The Institute for Work and Health is conducting a comprehensive study that aims to find benchmarks across sectors.
What workplace injuries and illnesses cost in Ontario is evident, but what do Ontario employers spend on prevention? That’s a question the Institute for Work and Health (IWH) is attempting to answer with a pilot study that’s underway.
Cameron Mustard, the IWH’s president and senior scientist, shared some of the early results during a session at the Partners in Prevention 2017 conference and trade show.
“Our interest is, can we provide workplaces, economic sectors, trade associations and perhaps the regulator with information that will be useful as we address work-related injury and illness in Ontario?” Mustard said.
The independent research organization based in Toronto has so far gathered data from 300-plus firms with 20 or more employees across several sectors. Respondents spent between 30 minutes and an hour answering questions in a 10-page workbook.
Inspiration for the IWH study came from work done by the International Social Security Association and the German Work Disability Funds, which looked into what 330 employers in 19 countries spent on prevention, and their return on investment.
Measured costs included organizational (managers and supervisors), preventative training, protective equipment, guidance and safety technology, what share of investments can be attributed to safety, preventative medical check-ups and start-up costs. ROI was €2 for every euro spent, while the cost averaged the equivalent of $1,800 per worker per year.
“It struck me that it was a really high number and maybe not a plausible number,” Mustard told his audience.
He provided a snapshot of the IWH study results as of 186 completes, which focused on management and supervisory costs; staff training in health and safety; personal protective equipment; OHS professional services; and the H&S share of capital equipment investment.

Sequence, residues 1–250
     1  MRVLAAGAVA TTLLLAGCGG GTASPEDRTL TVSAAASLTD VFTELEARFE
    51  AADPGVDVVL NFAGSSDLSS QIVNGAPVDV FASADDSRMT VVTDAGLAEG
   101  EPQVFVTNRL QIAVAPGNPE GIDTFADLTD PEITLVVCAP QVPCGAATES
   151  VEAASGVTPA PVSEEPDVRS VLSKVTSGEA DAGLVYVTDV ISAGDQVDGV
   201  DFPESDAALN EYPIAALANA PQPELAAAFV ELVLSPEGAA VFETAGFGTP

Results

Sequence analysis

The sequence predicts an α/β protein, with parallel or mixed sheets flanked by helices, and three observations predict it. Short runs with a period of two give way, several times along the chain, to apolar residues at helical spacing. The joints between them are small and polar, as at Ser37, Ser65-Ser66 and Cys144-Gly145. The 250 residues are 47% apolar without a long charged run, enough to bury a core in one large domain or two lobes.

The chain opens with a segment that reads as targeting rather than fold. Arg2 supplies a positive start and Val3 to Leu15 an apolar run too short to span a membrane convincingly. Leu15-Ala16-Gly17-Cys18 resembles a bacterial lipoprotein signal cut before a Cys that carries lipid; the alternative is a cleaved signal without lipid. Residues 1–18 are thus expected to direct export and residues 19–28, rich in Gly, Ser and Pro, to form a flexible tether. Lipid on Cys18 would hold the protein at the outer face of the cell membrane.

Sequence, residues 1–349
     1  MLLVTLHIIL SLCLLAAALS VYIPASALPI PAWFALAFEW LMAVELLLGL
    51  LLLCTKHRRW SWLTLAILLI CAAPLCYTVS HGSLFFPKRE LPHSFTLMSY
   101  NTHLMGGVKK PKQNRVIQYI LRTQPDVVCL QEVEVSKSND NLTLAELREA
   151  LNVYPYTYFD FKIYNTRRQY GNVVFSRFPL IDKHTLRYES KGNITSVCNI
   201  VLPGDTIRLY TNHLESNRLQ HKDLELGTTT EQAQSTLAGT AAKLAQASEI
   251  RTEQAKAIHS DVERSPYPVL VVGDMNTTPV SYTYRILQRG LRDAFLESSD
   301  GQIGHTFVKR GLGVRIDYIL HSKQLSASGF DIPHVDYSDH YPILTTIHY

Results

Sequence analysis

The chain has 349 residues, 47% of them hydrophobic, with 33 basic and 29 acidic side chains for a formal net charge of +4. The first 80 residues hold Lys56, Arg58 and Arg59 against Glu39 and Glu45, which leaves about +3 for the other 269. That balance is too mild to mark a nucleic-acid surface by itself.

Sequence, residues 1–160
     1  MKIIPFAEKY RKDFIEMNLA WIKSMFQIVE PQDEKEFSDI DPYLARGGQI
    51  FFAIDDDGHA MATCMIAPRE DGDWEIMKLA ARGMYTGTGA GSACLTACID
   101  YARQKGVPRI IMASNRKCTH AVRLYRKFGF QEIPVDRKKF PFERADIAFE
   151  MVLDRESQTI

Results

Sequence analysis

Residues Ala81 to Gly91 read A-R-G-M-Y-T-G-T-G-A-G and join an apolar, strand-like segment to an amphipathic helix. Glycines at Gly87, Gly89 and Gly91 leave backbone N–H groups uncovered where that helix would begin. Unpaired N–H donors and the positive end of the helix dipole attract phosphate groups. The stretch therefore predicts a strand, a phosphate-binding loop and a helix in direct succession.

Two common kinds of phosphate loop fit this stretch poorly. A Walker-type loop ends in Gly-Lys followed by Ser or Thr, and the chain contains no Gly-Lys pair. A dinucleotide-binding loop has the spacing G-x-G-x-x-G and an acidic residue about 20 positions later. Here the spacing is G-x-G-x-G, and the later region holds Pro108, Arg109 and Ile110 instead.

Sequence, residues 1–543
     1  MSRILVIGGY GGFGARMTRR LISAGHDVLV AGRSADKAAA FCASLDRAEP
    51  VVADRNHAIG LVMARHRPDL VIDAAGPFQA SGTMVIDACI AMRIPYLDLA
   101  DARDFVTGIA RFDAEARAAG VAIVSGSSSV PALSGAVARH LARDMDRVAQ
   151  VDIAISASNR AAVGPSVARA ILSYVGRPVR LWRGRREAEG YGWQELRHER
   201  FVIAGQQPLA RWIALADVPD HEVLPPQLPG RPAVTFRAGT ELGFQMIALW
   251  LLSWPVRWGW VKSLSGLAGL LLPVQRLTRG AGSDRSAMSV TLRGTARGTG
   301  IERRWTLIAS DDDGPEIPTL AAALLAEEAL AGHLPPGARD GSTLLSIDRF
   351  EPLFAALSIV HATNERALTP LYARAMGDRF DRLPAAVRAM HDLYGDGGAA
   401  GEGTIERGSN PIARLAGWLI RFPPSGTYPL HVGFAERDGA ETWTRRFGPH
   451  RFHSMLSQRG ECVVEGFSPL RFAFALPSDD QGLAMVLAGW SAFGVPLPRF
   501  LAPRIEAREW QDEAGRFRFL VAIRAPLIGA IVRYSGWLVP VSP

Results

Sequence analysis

Based on what employers pay in premiums to the Workplace Safety and Insurance Board (WSIB), Mustard noted the average cost per worker per year is $500, but can be $4,000 in a high-hazard sector.
Spending over all sectors breaks down to $1,916 per worker per year (mean), $1,193 (median) and $15,361 (high).
Mustard showed results for 31 manufacturers who are among the higher spending sectors (such as construction, mining, utilities, agriculture/forest and wholesale trade) with a mean of $2,264, median of $1,742 and a high of $6,379.
Transportation and warehousing (average $1,553) was offered as an example of how costs played out in each of the categories. Management and supervisory costs accounted for $1,000, training $228, personal equipment $179, OHS professional services $129 and capital investment $116.
Another IWH study involving 5,000 workers asked them about exposure to work hazards such as noise. Having to raise your voice to speak to someone a metre away is high noise. Workers in construction, manufacturing and mining were high exposure at 300 to 400 hours a year – findings that he said are relative to what employers are spending on health and safety in these sectors.
Some session participants were concerned identifying a number would attract the attention of the finance department, which would see it as cost-cutting opportunity. Mustard acknowledged the risk but said investment in health and safety is also a promotable value, and it’s useful information for companies that aren’t investing enough.
The study continues and IWH seeks about 50 more participants.